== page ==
Note: xx -Denotes Aalim / Ulemaa not contesting.

Any question or comments, please forward by email to: Shia youth

Thank you.
Shia Youth Team

Brief Life History of The 10th Imam – Part #10


Source: “Shia Islam AT A Glance” BY: Sheikh Abdul Jalil Nawee; and Shia Youth Inc. Website:

 Imam Alī ibn Mūsā al-Rezā (a.s.)  is commonly known as Ali al-Ridha (a.s.). He was a descendant of Prophet Muhammad (pbuh), and  was an Imam of an extra ordinary knowledge according to the Shia scholars and Sufis.

On the eleventh of Ziqaad 148 AH (December 29, 765 CE), a son was born in the house of Imam Musa al-Kadhim (a.s.) (the seventh Imam) in Medina, who took over the position of the Imamate, after his father. He was named Ali and titled al-Ridha, however, in the Shia sources he is commonly called Abu’l-Ḥasan al-Sānī in order not to be confused with his father, Imam Musa al-Kadhim (a.s.), who was known as Abu’l-Ḥasan al-Awwal. He was born one month after the death of his grandfather, Imam Ja’far as-Sādiq (a.s.) and brought up in Medina, under the direction of his father, Imam Musa al-Kadhim (a.s.). His mother, Najmah, was also a pious and distinguished lady in Medina. It is said that the boy al-Ridha required a great deal of milk, so that when his mother was asked whether her milk was sufficient, she answered, “it is not because my milk is not sufficient, but he wants it all the time, and consequently I am falling short in my prayers.” She was originally a Berber (from the Maghreb i.e. Northwest Africa). She was purchased and freed by Bibi Hamidah Khatun, the wife of Imam Ja’far al-Sadiq (a.s.), and, like Bibi Hamidah, Najmah Khatun was also a notable Islamic scholar.


The eighth Imam had received the Imamate, after the death of his father, through Divine Command and the decree of his forefathers, especially Imam Musa al-Kadhim (a.s.), who would repeatedly tell his companions that his son Ali Reza would be the Imam after him.  As such, Makhzumi, a scholar says one day Imam Musa al-Kadhim (a.s.) summoned and gathered us and entitled him as “his executor and successor.”

Another scholar, Yazid ibn Salit, has also related a similar narration from the seventh Imam when he met him on his way to Mecca“Ali, whose name is the same as the First and the fourth Imam, is the Imam after me.” said the Imam (a.s.). However, due to the extreme choking atmosphere and pressure prevailing in the period of Imam Musa al-Kazim (a.s.), he added, “What I said must remain (restricted) up to you and do not reproduce it to anybody unless you know he is one of our friends and companions.” The same is narrated by Ali bin Yaqtin, from Imam Musa al-Kazim (a.s.) who has said “Ali is the best of my children and I have conferred on him my epithet”  .  According to Wāqedī, even in his youth, Ali al-Ridha would transmit Hadith from his father and his uncles and give Fatwa in the mosque of Medina. Imam Ali al-Ridha (a.s.) was not looked upon favorably by caliph Hārūn Rashīd; and the people of Medina were disallowed from visiting and learning from him.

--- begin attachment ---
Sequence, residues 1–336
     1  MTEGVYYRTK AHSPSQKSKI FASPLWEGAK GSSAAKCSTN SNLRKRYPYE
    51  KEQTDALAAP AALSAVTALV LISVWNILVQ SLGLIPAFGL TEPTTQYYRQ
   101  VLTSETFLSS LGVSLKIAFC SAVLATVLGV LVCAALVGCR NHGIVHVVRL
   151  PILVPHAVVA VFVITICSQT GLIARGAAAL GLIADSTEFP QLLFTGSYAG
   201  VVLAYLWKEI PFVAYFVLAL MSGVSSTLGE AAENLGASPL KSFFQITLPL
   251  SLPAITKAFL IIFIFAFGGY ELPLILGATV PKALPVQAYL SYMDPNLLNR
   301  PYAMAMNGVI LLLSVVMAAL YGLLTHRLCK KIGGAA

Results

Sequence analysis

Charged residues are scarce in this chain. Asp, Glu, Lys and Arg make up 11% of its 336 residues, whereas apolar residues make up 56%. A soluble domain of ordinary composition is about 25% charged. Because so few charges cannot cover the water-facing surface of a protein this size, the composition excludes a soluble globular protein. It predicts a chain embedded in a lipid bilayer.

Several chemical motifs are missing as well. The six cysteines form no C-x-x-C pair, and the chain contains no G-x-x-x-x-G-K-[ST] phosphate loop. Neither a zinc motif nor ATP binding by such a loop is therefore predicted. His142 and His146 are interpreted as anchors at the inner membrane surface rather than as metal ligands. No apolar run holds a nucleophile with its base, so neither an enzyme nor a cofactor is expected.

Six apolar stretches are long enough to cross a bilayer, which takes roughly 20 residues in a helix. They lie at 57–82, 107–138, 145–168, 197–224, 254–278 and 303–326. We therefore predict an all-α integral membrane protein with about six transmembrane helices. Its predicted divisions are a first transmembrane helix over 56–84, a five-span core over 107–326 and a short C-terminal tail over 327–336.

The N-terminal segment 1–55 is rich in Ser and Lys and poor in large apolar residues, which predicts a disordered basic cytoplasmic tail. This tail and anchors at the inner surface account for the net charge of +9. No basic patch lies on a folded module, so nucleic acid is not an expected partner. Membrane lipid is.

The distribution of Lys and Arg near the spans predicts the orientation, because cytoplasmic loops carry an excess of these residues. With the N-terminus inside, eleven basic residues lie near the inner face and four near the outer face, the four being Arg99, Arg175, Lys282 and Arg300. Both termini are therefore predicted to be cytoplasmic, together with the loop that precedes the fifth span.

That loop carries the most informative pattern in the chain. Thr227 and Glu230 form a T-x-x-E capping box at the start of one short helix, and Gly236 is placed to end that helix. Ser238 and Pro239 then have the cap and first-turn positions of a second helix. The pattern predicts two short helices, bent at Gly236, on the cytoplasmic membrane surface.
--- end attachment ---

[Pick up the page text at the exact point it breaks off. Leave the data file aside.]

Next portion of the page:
According to Shia scholars, he was twenty or twenty-five years old when he succeeded his father as Imam in Medina, and it was about eighteen years later, when the Caliph Al-Ma’mun “undertook to ingratiate himself with the numerous Shia parties by designating Ali ar-Ridha as his successor to the Caliphate.”

After the death of Harun al-Rashid in 809, Harun’s two sons began fighting for control of the Abbasid Empire. One son, Al-Amin, had an Arab mother and thus had the support of Arabs, while his half-brother Al-Ma’mun had a Persian Shia mother and the support of Persia.  After defeating his brother, al-Ma’mun faced many insurrections from the followers of the Holy Prophet’s (pbuh) family in many areas.

The Shia of al-Ma’mun’s era, like the Shia of today’s Iran, made up a large population of al-Ma’mun’s Iran. They regarded the Imams as their leaders who must be obeyed in all aspects of life, spiritual and terrestrial. They believed in Imams as the real caliphs of the Islamic Prophet, Muhammad (pbuh). The Abbasids, like the Umayyads before them, realized this as a big threat to their own caliphate, since the Shias saw them as usurpers. Allamah Tabatabaei writes in his book Shi’ite Islam, that in order to quiet the many Shia rebellions around his government, al-Ma’mun summoned Imam al-Ridha (a.s.) to Khorasan and wanted to offer him the role of Crown Prince.  The main reasons for this offer were: (1) to prevent the Shias and relatives of Imam al-Ridha (a.s.) from rebelling against the government, seeing as they would then be fighting their own Imam; (2) to cause the people to lose their spiritual belief and inner attachment to the Imams, because the Imam would then be associated with the corrupt government of al-Ma’mun.  Thirdly, he intended it to fool other Shias into believing that his government was not so bad after all, because Imam al-Ridha (a.s.) would then come into power after Ma’mun. And fourthly, he wanted to keep a close watch over the Imam of the Shias himself, so that nothing could happen without al-Ma’mun’s knowledge.


Word spread quickly among al-Ma’mun’s circles that al-Ma’mun was not sincere in his offer to make Imam Ali ibn Musa al-Ridha (a.s.) the Crown Prince, and it was a political move. Al-Ma’mun also became paranoid and thought that Imam al-Ridha (a.s.) would see through it as well, and so would his Shias. In order to quiet the doubts of the people, al-Ma’mun first offered Imam al-Ridha (a.s.) the caliphate itself. Al-Ridha knew the real reason of this offer, and politely refused it, and said: